Within and across these missions, this report touches on hundreds of federal programs, affecting virtually all major federal departments and agencies. Overlap and fragmentation among government programs or activities can be harbingers of unnecessary duplication. Reducing or eliminating duplication, overlap, or fragmentation could potentially save billions of tax dollars annually and help agencies provide more efficient and effective services. The areas identified in this report are not intended to represent the full universe of duplication, overlap, or fragmentation within the federal government. We will continue to identify additional issues in future reports.
Even so, what this report finds is astounding,
In some cases, there is sufficient information available today to show that if actions are taken to address individual issues summarized in this report, financial benefits ranging from the tens of millions to several billion dollars annually may be realized by addressing that single issue. For example, while the Department of Defense is making limited changes to the governance of its military health care system, broader restructuring could result in annual savings of up to $460 million. Similarly, we developed a range of options that could reduce federal revenue losses by up to $5.7 billion annually by addressing potentially duplicative policies designed to boost domestic ethanol production. Likewise, we identified a number of other opportunities for cost savings or enhanced revenues such as reducing improper federal payments totaling billions of dollars, or addressing the gap between taxes owed and paid, potentially involving billions of dollars. Collectively, these savings and revenues could result in tens of billions of dollars in annual savings, depending on the extent of actions taken.
In total the GAO identified 34 areas for cutting including:
1. The fragmented food safety system
2. Realigning the military’s medical command
3. Streamlining 31 agencies that provide for urgent soldier needs
4. Lack of coordination by counter-improvised explosive devices
5. Streamlining military intelligence gathering
6. Avoiding duplicate purchasing of tactical wheeled vehicles
7. Improve oversight of Defense’ prepositioning and stockpiling programs
8. Defense business systems can be modernized
9. The fragmented economic development programs
10. Federal transportation programs that lack accountability
11. Duplicative federal effort to provide water to the Mexico border region
12. Conflicting federal vehicle energy goals
13. Duplicative ethanol programs
14. Government IT systems have divergent goals
15. Duplicative federal data centers
16. Duplicative contracting agencies
17. Reviewing tax earmarks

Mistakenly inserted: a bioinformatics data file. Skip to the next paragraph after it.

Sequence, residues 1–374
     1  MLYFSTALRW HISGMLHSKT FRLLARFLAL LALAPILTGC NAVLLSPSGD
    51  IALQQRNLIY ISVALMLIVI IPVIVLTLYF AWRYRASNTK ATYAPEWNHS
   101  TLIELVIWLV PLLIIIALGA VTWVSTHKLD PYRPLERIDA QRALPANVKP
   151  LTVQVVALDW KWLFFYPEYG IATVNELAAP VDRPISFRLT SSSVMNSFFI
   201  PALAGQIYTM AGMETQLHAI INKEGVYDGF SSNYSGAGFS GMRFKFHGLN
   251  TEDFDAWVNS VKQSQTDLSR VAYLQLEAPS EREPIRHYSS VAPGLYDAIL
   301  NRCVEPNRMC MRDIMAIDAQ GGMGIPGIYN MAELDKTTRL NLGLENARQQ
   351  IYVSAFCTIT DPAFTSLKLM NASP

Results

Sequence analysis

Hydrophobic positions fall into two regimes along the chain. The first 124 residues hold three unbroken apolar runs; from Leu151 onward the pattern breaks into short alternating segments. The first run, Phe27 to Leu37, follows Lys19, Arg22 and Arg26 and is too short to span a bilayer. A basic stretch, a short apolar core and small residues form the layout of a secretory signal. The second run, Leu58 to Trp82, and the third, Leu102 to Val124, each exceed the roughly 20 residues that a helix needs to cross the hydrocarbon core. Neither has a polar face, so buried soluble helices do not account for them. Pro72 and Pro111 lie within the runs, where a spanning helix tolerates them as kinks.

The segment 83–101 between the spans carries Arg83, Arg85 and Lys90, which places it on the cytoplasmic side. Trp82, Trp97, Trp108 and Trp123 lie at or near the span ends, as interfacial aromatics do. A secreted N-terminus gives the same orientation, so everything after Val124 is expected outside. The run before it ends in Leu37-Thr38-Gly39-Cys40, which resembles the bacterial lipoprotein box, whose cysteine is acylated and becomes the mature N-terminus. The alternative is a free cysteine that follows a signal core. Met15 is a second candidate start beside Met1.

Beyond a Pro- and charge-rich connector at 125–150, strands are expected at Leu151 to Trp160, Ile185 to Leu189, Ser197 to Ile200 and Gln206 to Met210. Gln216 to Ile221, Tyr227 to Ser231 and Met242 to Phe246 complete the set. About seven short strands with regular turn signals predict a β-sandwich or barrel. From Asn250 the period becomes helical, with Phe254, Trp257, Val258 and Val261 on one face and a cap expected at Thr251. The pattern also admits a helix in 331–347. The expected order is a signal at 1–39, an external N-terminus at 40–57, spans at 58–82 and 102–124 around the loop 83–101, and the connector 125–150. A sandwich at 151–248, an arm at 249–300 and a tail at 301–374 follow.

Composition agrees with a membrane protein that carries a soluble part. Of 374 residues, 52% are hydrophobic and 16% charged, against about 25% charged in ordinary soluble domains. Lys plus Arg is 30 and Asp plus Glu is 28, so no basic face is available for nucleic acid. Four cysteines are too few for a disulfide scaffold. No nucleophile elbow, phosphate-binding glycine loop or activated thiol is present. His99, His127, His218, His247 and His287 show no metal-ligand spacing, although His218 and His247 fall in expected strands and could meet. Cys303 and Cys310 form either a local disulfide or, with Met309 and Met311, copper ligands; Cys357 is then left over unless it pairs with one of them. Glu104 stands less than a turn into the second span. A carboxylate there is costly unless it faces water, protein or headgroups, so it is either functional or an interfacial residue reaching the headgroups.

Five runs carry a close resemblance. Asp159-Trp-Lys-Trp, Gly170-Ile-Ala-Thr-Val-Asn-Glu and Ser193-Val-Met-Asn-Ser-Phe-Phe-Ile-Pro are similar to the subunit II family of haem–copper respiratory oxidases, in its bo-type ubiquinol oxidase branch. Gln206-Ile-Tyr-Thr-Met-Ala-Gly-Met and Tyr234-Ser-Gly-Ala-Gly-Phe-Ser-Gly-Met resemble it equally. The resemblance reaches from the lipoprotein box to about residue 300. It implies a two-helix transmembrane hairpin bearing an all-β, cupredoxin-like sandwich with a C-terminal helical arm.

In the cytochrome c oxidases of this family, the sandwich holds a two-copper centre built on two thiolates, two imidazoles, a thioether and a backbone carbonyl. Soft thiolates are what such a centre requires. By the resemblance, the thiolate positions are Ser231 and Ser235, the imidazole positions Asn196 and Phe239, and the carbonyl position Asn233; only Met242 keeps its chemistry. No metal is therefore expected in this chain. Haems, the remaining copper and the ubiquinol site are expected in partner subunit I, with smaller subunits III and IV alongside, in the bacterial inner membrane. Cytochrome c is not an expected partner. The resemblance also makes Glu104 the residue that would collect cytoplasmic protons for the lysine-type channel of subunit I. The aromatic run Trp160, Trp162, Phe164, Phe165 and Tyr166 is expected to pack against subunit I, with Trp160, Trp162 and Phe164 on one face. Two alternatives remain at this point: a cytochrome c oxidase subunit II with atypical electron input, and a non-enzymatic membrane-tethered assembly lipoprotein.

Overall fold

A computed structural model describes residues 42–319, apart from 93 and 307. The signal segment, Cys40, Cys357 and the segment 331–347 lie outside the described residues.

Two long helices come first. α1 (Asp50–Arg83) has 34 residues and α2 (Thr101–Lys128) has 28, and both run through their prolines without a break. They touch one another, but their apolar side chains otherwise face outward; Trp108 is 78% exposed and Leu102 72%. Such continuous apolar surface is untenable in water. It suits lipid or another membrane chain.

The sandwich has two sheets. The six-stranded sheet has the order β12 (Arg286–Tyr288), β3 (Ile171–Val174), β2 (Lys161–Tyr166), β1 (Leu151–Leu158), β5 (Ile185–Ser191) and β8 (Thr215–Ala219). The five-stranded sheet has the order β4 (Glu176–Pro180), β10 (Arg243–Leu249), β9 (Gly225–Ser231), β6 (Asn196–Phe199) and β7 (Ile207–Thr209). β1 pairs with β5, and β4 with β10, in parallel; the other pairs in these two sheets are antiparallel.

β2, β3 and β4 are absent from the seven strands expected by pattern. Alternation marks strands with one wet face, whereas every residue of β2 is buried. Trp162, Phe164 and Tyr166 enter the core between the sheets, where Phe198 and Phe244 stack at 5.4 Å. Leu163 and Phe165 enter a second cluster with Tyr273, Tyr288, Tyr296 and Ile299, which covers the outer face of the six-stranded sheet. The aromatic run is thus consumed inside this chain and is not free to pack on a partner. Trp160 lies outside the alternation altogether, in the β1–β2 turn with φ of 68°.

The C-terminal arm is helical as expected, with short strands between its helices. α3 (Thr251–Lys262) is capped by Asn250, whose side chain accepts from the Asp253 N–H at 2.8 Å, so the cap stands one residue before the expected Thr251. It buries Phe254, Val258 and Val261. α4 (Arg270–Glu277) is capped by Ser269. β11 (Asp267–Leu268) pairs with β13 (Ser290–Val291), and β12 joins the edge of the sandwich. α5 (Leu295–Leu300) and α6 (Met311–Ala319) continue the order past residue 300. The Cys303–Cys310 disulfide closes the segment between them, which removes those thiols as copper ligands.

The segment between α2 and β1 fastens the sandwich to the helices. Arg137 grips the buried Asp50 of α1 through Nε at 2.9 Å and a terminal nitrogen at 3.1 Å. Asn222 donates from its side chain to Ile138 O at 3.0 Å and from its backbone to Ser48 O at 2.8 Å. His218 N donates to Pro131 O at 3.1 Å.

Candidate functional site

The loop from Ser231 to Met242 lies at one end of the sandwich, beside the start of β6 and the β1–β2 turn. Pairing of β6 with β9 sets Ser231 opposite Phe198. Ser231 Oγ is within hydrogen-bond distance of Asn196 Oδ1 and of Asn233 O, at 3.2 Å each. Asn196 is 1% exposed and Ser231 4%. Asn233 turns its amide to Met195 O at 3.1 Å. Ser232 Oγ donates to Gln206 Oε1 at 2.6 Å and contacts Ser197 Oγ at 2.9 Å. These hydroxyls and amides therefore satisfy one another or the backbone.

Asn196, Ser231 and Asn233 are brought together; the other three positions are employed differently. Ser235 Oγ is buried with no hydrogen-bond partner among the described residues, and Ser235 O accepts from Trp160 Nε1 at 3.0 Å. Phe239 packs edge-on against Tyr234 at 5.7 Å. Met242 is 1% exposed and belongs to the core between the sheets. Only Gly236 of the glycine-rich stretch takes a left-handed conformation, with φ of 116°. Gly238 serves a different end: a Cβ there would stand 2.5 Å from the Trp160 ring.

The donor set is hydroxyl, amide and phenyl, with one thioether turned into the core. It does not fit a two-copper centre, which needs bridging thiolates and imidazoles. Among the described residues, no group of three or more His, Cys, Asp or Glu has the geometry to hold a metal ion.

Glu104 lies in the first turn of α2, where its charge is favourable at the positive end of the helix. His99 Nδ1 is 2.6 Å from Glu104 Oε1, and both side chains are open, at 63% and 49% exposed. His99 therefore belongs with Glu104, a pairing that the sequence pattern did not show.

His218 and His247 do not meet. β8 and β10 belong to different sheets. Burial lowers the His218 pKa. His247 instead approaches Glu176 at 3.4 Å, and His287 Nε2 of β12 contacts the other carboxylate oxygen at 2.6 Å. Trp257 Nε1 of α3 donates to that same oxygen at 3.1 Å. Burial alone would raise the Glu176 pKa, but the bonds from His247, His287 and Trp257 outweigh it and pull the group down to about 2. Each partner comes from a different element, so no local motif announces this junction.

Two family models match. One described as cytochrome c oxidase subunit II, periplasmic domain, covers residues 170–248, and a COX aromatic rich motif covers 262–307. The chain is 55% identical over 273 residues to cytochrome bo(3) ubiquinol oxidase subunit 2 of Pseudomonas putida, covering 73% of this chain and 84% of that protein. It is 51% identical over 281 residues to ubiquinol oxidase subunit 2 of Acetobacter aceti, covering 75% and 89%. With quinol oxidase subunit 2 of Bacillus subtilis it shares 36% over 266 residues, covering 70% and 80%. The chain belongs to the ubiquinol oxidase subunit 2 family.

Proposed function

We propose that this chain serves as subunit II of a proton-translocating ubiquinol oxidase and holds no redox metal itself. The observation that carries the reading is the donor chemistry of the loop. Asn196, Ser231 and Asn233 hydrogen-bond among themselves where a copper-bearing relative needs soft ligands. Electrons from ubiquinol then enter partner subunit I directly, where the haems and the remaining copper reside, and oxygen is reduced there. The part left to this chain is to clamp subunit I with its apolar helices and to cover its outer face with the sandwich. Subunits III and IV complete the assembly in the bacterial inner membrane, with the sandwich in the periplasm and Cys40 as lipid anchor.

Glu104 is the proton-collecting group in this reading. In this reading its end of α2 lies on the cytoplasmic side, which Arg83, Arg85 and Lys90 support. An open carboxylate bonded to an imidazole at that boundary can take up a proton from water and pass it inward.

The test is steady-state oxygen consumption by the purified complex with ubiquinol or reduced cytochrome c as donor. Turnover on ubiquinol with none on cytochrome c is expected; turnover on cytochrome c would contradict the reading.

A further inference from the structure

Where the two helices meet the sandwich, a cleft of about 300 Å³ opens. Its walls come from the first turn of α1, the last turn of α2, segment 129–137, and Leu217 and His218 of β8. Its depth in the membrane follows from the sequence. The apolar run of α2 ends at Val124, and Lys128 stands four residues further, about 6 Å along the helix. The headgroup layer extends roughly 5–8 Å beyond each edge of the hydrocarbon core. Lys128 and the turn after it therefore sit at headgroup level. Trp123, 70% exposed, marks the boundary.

18. Modernizing health records by Defense and Veterans Affairs
19. Controlling drug costs by Defense and Veterans Affairs
20. Integrating public health information systems
21. Integrating systems against biowarfare
22. Duplication in securing the northern border
23. Justice Department explosives investigations
24. Transportation Security Agency’s assessments of commercial trucking
25. Homeland Security can streamline information collecting with public transit agencies.
26. FEMA can improve oversight of grants
27. Duplicative development efforts in Afghanistan
28. Overlapping arms control bureaus
29. Administrative overlap on domestic food assistance
30. Lack of coordination of federal homelessness programs
31. Waste in transportation programs for the disadvantaged
32. Duplication in job training programs
33. Multiple programs ensuring teacher quality
34. Fragmented financial literacy programs
You can read more about these 34 items beginning on the 10th page of the report embedded below.
Those are just the examples of duplication found totally within one department. The GAO also found other examples of duplication whose costs could not be identified because it was duplication between two or more departments. For those, costs could not be identified because the GAO would need input on how the duplication would be resolved.
For example, we identified 44 federal employment and training programs that overlap with at least one other program in that they provide at least one similar service to a similar population. However, our review of three of the largest programs showed that the extent to which individuals receive the same services from these programs is unknown due to program data limitations. In addition, Congress’ determinations in making policy decisions and actions that agencies may take would affect the potential savings associated with any given option. Nevertheless, considering the amount of program dollars involved in the issues we have identified, even limited adjustments could result in significant savings.
This particular report was the idea of Senator Tom Coburn, who pushed a Senate vote in January 2010 to direct the GAO to assess duplication in the budget (it was a matter of approving that report or Coburn block the raising the debt limit).
This morning Coburn discussed the report with the press and estimated the implementation of the GAO report could save taxpayers up to $100 Billion dollars.
“This report also shows we could save taxpayers hundreds of billions of dollars every year without cutting services. And, in many cases, smart consolidations will improve service. GAO has identified a mother lode of government waste and duplication that should keep Congress busy for the rest of the year,” Coburn said.
A similar report was generated by the GAO in 2001 but no action was taken. Ten years later the country is even closer to an economic disaster and these cuts should take place immediately. That’s not to say that these cuts will take the place of other that are now being argued in congress (including entitlement reform) but this report seems to have identified a very good (and painless) start.